Blue card lottery
Hannah Bettsworth // 22 February 2019
Ahead of the European elections, migration remains one of the main challenges facing the EU. Populist and Eurosceptic movements have sought political capital from it, while their opponents are faced with a choice about whether to do the same or to make the case for safe and legal migration. Current policies have led to an ongoing humanitarian crisis, which has harmed the reputation of the EU and its member states. This has opened up a space for innovative new solutions that benefit both host countries and potential migrants.
One such solution would be copying the USA’s historical openness to diverse migration, through its migration lottery. This was originally designed to benefit Irish and Italian migrants underrepresented in migration figures. These days, it primarily provides Africans with the chance to live and work in the USA as permanent residents. There is also demand among Africans to live and work in Europe as permanent residents, but, without legal channels to do so, they resort to paying smugglers and making asylum claims as the only option open to them in order to gain a foothold on European territory.
The EU does have a Blue Card system, which is nowhere near as ambitious as the Green Card. In its current form, it provides opportunities for highly skilled migrants with a job offer, valid for one to four years with equal treatment to nationals of that host Member State. However, it involves restrictions on freedom of movement – even after meeting the stringent admission criteria, Blue Card holders cannot freely take up work in any Member State. Additionally, only 68,850 people have been granted a Blue Card since 2009, and so take-up of the scheme is particularly low. Of those who do obtain a Blue Card, the vast majority do so go to Germany – representing 89% of Blue Cards issued in 2012-13 – as it lacks an effective national high-skilled migration scheme. Reform, although unlikely in the current political climate, is necessary to make it a true equivalent of the Green Card and differentiate it from a national visa, ending confusion for workers and employers arising from competing national schemes.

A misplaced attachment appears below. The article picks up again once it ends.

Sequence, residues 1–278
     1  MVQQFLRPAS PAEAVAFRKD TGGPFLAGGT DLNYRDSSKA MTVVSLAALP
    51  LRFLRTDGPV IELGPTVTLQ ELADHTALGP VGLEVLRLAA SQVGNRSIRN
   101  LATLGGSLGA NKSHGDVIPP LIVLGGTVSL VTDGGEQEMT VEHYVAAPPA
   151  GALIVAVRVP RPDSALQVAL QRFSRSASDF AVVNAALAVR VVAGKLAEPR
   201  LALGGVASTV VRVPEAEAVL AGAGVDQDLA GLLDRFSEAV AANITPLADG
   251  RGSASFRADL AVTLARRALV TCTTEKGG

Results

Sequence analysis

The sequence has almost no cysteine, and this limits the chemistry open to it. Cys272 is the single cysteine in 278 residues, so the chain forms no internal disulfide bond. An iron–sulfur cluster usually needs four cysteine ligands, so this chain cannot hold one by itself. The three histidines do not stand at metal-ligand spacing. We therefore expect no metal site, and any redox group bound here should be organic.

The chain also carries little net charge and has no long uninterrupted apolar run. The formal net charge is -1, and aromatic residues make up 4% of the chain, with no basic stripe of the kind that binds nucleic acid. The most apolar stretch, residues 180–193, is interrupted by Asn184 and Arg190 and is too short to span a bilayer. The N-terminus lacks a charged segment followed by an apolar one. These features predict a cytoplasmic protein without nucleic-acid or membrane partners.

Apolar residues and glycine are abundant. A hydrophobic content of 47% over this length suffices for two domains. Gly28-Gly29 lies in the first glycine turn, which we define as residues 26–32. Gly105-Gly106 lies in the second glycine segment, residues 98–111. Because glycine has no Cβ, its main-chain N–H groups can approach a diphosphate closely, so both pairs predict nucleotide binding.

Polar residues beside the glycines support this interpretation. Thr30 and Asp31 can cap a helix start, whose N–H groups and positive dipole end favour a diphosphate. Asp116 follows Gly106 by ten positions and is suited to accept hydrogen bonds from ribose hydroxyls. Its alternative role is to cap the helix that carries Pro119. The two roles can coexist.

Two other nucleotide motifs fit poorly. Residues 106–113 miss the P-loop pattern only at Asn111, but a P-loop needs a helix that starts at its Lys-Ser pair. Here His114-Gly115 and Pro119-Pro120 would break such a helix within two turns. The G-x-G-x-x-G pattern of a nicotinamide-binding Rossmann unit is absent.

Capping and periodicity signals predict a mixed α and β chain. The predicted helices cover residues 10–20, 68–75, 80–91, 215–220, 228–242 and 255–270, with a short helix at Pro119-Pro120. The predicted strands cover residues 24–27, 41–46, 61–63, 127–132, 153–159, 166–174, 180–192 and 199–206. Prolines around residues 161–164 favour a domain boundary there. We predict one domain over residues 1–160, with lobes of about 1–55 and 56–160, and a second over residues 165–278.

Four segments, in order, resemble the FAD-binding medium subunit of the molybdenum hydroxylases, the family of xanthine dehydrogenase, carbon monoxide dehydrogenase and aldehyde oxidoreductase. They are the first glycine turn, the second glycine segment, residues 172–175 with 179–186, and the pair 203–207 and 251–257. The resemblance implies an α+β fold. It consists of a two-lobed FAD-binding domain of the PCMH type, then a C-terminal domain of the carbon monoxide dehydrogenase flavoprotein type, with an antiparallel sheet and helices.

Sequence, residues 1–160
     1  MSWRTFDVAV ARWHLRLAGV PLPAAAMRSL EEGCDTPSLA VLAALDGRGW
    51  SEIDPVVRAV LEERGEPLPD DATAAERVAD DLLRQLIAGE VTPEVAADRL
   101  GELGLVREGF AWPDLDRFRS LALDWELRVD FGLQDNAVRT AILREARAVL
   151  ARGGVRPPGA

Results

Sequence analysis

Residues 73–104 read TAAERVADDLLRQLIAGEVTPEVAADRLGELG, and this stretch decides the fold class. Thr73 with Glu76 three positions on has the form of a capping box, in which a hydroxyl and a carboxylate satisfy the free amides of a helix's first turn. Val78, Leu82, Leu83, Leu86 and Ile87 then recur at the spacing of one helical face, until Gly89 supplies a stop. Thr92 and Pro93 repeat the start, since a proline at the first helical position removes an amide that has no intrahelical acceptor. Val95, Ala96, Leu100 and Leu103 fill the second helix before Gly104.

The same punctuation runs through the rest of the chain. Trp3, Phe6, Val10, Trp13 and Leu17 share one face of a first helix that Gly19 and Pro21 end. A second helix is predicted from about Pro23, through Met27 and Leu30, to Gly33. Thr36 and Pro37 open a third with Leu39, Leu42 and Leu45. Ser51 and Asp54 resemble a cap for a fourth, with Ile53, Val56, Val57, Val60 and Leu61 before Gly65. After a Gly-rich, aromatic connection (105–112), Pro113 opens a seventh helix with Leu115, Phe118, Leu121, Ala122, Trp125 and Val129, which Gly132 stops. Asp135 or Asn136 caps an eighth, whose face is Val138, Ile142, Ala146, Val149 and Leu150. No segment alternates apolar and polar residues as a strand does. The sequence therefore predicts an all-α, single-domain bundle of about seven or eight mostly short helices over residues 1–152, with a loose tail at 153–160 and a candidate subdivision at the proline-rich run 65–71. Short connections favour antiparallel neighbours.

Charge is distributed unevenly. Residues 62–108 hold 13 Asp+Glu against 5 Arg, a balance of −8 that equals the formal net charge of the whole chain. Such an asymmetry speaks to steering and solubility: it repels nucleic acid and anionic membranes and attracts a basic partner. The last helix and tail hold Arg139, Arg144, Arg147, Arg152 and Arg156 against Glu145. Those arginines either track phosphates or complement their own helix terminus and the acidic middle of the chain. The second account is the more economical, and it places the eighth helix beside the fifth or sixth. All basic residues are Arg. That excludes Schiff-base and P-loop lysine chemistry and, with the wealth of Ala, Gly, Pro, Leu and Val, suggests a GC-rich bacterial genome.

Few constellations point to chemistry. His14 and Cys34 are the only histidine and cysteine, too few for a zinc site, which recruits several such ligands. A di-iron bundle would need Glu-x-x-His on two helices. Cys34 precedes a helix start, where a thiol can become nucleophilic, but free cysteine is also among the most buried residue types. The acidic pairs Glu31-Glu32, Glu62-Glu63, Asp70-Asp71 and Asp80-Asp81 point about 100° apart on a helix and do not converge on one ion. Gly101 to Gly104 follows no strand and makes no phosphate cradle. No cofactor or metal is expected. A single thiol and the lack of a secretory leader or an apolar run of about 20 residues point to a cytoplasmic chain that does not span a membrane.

There are three options for making the Blue Card a true alternative to national visas. Firstly, improved access to permanent residency. It currently takes five years to become eligible to apply for permanent residency – this could be reduced to three years for Blue Card holders. Alternatively, the Blue Card’s validity period could be extended to five years to allow beneficiaries to gain a permanent residence permit under existing EU law.
Secondly, ending the long, bureaucratic family unification process and allowing families to migrate together is a benefit extended to the spouses and unmarried children under 21 of US Diversity Visa winners.
Thirdly, improved freedom of movement. Currently, Blue Card holders must remain in their first Member State for 18 months and then reapply for a new Blue Card in order to move to a job in another Member State, which makes the Blue Card barely advantageous over national visa schemes. A single EU-wide labour permit, or reducing the waiting period to a year, would increase its appeal to potential migrants.